Looking back on last year’s resolutions, you may find a gap between your expectations versus the reality. By February, however, 45% of people have already given up on their resolutions. In fact, only 8% of people achieve the goals they set on New Year’s.
This year, you may want to focus on achieving something that you can pin down as a milestone. I’m not talking about holding yourself back, either. I’m talking about breaking down the exact steps you need to take to get from point A to point B.
One of the best ways to do this is to start with SMART goals. These are goals that are specific, measurable, achievable, relevant and time-bound. Let’s go through each of these categories to place them in the context of making resolutions on New Year’s Day.
What are smart goals?
Smart goals are ones that are:
- S - Specific
- M - Measurable
- A - Achievable
- R - Relevant
- T - Timebound
Setting smart goals for your New Year's resolutions
Specific: Maybe you want to eat healthier this year. That’s a good goal. Our health matters. But healthy means something different for everyone. Do you mean Gluten-free? Less meat? Less calories? Or maybe you mean more fresh fruits and vegetables and whole foods? When you define your specific goal, it gives you the power to take action right away.
Measurable: Taking the previous example, let’s say you want to eat more fresh fruits and vegetables. To make a measurable difference, you’ll need to check how much you’re currently eating, and set a higher quantity. The daily recommendation is currently at 10 servings per day, but is that realistic for you? If not, set your own measurable goal. It might mean eating fresh fruit or veggies at every meal and between meals twice a day as a snack.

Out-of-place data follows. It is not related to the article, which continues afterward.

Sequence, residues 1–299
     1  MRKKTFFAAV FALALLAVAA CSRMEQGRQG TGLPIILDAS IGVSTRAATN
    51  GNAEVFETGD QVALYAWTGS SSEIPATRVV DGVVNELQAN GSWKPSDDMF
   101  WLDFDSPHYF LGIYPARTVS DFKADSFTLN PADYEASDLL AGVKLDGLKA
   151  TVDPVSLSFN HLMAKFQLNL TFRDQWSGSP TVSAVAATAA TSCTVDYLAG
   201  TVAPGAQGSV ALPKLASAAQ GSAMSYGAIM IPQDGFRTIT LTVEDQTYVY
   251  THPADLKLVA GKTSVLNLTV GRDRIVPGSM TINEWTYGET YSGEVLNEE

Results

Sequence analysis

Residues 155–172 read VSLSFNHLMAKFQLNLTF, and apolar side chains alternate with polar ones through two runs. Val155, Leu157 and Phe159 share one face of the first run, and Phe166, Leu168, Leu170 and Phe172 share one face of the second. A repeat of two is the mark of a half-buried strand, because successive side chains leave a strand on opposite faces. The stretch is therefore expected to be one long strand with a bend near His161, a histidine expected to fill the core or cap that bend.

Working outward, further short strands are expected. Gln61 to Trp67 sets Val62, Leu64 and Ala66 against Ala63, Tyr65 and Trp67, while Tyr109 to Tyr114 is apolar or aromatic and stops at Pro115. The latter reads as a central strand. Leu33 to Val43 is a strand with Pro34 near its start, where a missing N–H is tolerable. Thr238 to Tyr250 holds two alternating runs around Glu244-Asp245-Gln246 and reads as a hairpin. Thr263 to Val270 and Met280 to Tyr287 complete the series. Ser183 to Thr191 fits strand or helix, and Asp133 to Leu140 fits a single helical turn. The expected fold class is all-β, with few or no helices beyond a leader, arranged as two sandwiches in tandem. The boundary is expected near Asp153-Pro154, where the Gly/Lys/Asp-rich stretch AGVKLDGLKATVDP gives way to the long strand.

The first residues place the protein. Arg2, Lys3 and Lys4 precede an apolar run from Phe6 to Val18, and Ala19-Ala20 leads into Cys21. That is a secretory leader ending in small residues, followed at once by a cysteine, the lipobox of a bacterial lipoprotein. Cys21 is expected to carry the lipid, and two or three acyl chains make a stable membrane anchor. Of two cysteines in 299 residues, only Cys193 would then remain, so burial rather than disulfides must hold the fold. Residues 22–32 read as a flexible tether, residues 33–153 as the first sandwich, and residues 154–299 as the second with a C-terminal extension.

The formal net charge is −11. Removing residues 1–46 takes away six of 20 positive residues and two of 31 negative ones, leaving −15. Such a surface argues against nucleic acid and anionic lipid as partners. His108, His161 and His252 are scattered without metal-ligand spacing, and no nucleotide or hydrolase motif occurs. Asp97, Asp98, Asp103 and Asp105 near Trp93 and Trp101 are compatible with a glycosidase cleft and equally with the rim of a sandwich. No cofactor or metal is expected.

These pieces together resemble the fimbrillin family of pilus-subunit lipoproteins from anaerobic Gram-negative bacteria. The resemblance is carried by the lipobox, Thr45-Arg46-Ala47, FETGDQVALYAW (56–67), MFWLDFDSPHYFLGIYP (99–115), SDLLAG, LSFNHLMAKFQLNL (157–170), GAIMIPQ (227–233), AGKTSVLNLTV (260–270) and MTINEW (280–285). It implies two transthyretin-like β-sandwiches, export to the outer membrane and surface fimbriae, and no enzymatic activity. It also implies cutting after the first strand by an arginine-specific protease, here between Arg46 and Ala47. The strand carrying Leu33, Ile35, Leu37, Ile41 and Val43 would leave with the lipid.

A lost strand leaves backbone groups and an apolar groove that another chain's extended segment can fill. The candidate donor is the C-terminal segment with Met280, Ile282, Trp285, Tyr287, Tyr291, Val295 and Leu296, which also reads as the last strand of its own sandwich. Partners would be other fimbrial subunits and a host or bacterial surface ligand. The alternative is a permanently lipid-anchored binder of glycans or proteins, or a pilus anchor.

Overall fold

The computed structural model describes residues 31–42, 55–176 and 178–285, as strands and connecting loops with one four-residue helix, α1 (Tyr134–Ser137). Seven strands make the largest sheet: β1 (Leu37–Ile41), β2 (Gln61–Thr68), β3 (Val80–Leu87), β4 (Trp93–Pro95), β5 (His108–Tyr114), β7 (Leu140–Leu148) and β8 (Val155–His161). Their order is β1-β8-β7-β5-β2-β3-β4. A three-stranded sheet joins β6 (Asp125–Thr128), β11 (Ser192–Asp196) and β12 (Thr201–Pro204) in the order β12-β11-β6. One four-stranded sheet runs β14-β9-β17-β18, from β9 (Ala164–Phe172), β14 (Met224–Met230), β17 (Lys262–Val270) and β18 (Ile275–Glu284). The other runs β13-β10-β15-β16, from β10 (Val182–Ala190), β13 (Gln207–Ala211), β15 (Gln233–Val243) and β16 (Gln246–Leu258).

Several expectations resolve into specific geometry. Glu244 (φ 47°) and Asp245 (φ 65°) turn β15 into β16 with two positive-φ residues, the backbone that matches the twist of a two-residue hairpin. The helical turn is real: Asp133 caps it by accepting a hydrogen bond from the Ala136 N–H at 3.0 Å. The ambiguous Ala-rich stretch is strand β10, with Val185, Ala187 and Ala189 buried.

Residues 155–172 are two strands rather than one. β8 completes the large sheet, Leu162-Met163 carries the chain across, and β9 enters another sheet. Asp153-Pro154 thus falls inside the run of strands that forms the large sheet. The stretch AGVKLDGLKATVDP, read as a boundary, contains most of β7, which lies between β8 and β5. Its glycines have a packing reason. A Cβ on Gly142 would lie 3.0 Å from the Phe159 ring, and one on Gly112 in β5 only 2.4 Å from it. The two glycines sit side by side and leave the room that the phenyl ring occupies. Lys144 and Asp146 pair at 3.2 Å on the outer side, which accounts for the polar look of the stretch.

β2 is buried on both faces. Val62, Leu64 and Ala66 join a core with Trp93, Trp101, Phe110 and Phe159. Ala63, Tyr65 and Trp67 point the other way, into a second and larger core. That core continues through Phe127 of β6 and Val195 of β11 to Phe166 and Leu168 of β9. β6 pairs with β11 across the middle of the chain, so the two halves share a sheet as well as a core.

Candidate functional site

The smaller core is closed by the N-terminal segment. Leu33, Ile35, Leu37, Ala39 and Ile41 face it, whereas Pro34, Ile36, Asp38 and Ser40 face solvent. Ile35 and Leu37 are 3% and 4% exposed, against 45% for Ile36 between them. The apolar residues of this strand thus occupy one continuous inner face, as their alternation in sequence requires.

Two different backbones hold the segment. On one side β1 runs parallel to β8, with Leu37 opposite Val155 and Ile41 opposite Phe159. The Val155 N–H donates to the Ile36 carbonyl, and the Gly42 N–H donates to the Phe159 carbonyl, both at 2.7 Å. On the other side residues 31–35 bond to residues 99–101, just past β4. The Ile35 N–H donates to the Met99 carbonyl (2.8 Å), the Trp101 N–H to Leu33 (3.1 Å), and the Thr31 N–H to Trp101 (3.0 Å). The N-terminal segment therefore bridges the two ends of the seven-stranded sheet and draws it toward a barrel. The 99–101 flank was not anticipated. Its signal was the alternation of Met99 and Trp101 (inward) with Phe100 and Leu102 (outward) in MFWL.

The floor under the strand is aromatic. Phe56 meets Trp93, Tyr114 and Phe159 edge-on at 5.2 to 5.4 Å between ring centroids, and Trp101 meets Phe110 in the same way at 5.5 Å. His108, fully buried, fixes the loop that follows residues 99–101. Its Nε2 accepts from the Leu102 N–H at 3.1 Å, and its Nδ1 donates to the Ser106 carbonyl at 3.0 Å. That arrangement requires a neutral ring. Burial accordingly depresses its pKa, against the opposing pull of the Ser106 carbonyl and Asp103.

Achievable: Compare your measurable goal with your existing habits. If your goal is about 30% more of something, you might want to scale it back and say you’ll increase and review every 3 months to get to your larger goal.
Relevant: Among all the things you could set a goal for, eating healthy fruits and veggies might not fall in your top priorities. This is especially true if you’re already healthy. Choose something whether it’s for your career, social life, relationship, or lifestyle that seems like it will make an important impact on your life.
Time-bound: When you have a deadline for your goal, you might be more motivated to achieve it. For a new year resolution, the deadline is usually by this time next year. But this doesn’t help you much in the way of planning. So set yourself smaller quarterly and monthly benchmarks to reach that major goal. Using our example, this could mean adding in an additional serving of fruits and veggies every other month, until you reach 10 servings by the end of the year.
How to make Popular New Year Resolutions more Realistic
Here are the top ten New Year's resolutions by popularity. You’ll notice they aren’t smart goals at all. Let’s fix that.
- Lose weight
- Eat healthier
- Save more money
- Find a partner or get married/divorced
- Learn something new
- Spend more time with loved ones
- Quit smoking
- Read more
- Change jobs/careers
- Do fun things more often
Turn these into smart goals with this thought-provoking checklist:
- Narrow down your approach. State the exact thing you plan to do. If it’s reading more, say which books you’ll read, for instance.
- What is your end goal. How much change are you planning to undergo?
- Do you have the time, resources and a support system in place to achieve this?
- How much will this support all of the other goals in your life? Is it really worth it, or does it just sound cool? What’s your primary motivation for this and is it a good one?
- Set daily, weekly and monthly benchmarks to get you to that big end goal.
You got this!! As you can see, setting smart goals is a great way to improve your chances of winning. But not everyone is self-motivated to get things done. We need all the help we can get to make things more achievable. So, if your resolution is a tough one, get a buddy to go in on it with you. This way, you can hold each other accountable for your progress throughout the year.